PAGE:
The transience of residency in metro Phoenix makes it difficult to form bonds with service professionals and contractors. How many times have you used a contractor who moved here recently, only to call a few years later and find the telephone number disconnected?

Collecting pre-1950 postcards of the greater metro area offers the refreshing view of how different times were. Amassing nearly 100 examples of auto courts and motels showed an extensive variety of quarters (low cost to resort finery).

Regarding the above HOA comment: Curmudgeons often defy community standards making it difficult for HOA's to do their work.

Cal, I'm not sure what good man is without civilization, and without agriculture, that would never have happened. You needed a steady food surplus to achieve this along with the economic stratification/priestly castes leading to the development of written languages. Almost everything we are as a species now stems from that momentous development.

I get Diamond's point just the same. We are killing the magnificent garden that is Earth's biosphere because we evolved too fast to allow for longer views about our necessary responsibilities. The notion of stewardship is alien to us even today. It's why most people don't take climate change seriously as an issue. It's literally not in our DNA.

Still, we'll leave some evidence behind of some spectacular achievements although it's very questionable whether any other sentient creatures will ever discover them. We are stranded in a distant outpost of the universe and our artifacts will likely vanish is an eyeblink of geologic time. It's amazing time to be alive seeing this looming threat yet also being powerless collectively to respond to it. If you're like me, you already know what a conversation killer this subject can be.

I dont know if my Way Station will be Why Arizona or the Canary Islands.

When we are gone;

The following historical figures got their start on HOA boards:

Ghanges Kahn
Pol Pot
Vlad the Impaler

So, instead of adopting a couple of kids in his dotage, Diamond and his wife have twins. Hypocrite much?

Even Hypocrites get it right occasionally.
When i learned one cant trust consumer products, i got cut.
Maybe Trump can pardon Jared and while he is at it, Assange.
Your pal cal from the house of mirrors.
My offer to buy U a cup or two of coffee is still out there Dudas.
PS, is that Cactus Eds old pickup parked at your place?

Dudas. "DOTAGE?" Jared was 50.
Charlie Chaplin was still having kids in his 80's.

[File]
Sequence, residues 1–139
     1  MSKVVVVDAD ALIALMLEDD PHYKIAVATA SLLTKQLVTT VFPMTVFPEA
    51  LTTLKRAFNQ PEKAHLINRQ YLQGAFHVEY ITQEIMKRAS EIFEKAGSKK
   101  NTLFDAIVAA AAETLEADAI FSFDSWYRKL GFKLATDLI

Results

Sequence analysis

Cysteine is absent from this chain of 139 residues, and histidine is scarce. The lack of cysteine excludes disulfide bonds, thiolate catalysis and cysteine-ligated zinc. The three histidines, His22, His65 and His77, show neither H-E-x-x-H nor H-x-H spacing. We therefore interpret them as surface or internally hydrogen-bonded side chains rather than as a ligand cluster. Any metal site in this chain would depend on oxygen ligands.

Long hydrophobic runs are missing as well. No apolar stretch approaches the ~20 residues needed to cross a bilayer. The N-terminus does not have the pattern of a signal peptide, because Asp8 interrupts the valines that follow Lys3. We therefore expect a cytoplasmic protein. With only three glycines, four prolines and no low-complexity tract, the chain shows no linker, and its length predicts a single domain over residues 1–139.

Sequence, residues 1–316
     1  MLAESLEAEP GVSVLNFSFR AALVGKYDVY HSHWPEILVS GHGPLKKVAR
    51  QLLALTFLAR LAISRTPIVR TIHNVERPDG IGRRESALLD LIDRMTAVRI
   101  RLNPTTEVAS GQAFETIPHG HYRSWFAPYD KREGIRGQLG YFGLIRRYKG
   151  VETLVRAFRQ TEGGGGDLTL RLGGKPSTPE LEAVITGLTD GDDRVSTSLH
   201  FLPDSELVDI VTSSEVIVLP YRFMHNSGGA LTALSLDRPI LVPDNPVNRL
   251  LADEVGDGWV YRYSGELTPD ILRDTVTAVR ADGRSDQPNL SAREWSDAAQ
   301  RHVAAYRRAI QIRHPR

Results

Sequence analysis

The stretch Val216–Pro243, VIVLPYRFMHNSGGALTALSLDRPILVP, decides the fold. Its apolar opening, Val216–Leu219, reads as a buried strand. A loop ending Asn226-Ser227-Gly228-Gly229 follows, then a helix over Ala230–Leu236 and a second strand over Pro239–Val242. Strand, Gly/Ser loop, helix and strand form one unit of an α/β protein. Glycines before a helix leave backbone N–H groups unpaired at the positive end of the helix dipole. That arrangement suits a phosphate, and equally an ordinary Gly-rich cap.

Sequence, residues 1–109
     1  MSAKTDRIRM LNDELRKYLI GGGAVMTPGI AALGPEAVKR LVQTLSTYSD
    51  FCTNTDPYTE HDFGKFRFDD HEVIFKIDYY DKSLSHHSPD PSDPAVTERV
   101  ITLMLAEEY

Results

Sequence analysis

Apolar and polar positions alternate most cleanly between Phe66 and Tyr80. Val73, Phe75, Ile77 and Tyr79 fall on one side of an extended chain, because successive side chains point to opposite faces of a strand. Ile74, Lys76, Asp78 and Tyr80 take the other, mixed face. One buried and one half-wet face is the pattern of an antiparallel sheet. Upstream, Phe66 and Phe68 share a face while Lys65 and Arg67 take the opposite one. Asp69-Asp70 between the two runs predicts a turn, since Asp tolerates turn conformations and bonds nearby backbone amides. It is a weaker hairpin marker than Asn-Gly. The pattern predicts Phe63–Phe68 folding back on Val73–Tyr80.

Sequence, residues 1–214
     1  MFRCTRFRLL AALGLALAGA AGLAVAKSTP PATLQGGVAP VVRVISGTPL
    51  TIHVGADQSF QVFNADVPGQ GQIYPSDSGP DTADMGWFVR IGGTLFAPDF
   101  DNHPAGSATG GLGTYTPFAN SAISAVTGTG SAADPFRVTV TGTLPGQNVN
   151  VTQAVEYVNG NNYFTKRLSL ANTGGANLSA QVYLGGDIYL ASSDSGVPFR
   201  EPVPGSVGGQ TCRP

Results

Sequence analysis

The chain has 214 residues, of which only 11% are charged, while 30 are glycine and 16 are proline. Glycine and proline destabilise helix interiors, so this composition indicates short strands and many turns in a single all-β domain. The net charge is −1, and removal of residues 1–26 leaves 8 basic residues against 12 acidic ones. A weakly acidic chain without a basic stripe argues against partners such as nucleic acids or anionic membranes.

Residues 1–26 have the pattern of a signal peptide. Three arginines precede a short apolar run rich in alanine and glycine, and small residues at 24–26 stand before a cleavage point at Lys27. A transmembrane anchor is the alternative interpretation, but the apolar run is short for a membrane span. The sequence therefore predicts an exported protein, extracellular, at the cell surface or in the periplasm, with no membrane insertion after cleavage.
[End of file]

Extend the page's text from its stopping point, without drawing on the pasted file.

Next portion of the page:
Trees standing.
Fortunately Phoenix's trees should be ok in the storms about to terrorize the US as opposed to Texas where once again the gods are angry.

Lash - 'dotage' still stands.

I respectively disagree.

10 years ago, Donald J Dotard was still giving to Planned Parenthood and Hillary Clinton. Now there's a hypocrite some of us here even voted for! But let's decide Diamond is worse because.....well.....he's one of those pointy-headed professors. Just like Al Gore!

Hypocrisy is one of the core values of the modern Republican Party.

In fact, it may be the only consistent value of the modern Republican Party.

Oh, that and ring kissing fealty to the Uber Rich.

regarding the Oasis, Earth!

“We’re not going to stop this train wreck. Wright described an earlier time when the oceans became acidic as they are now, when the planet experienced mass extinction events. They were driven out by ocean acidity, he told me. The Permian mass extinction approximately 252 million years ago], where 90 percent of the species were wiped out, that is what we are looking at now.”
From "The End of Ice" by Dahr Jamail

I grew up in phoenix in the 1980s and 1990s. I was born in 1978 and lived near 31st Ave and Bethany Home rd. I lived there until 1995.

I remember the 80s and 90s well. We used to play in the streets until well after dark when our parents would come out to the driveway edge and call for us. We rode our bikes everywhere. We chased the ice cream truck. We made our spending money as kids by mowing grass or delivering papers. We walked to school and just about everywhere else. We bought ice cream cones (mixed choc & van swirls) at the local grocery stores for 25 cents. We played outside for hours and hours every day.

All of this was possible and even pleasurable because of the "greenery" that Phoenix had. If we got too hot we would just find a shady spot in the grass to sit for a while and cool off, then resume playing. Try doing that today in central Phoenix.

I am sure my generation of youth was the last to experience the non digital internet days. I graduated from Washington High School class of 96' and within 2 years it seemed my whole world changed. My neighborhood was overrun by the City's more Southern residents moving up and almost every person I grew up with including my own parents moved away from that central Phoenix neighborhood, most into the newer stucco and decomposed granite, sunbleached and dead neighborhoods of the "new Phoenix".

Our parents thought it was great things they were doing by uprooting and moving to "better" quarters of the city with finer homes and finer automobiles and finer clothes etc etc. We 18 year olds knew better, we missed our friends, not just the people but the trees and the grass and the old comfortable buildings and neighborhoods that had long held our secrets.

Alas that was 25 years ago or more. As I reminisce this Sunday morning about growing up in Phoenix and learning about life, I wonder where love goes when the memories fade and all the landmarks are gone. Does it become hatred? I love something long gone but not forgotten.

Thanks for the article, even though my own timeline may have been a bit later I still remember the Orange tree groves in West Phoenix and the fields in Gilbert. Unfortunately I think most all of the Southwest US has gone the same way. I live 4 hours South and East of Phoenix now and have for the past 20 years and it is the same here. No grass, no trees, too many people. Too many people.

Yep, Steve its pretty much gone.
The Great Sonoran Desert.
Whats Left of It.
Cal Lash
Washington High School last in my class to graduate in 58.
The classes between 56 and 62 do a reunion almost every year in Phoenix.
If you are interested I'll get you an invite.

I am at, [email protected]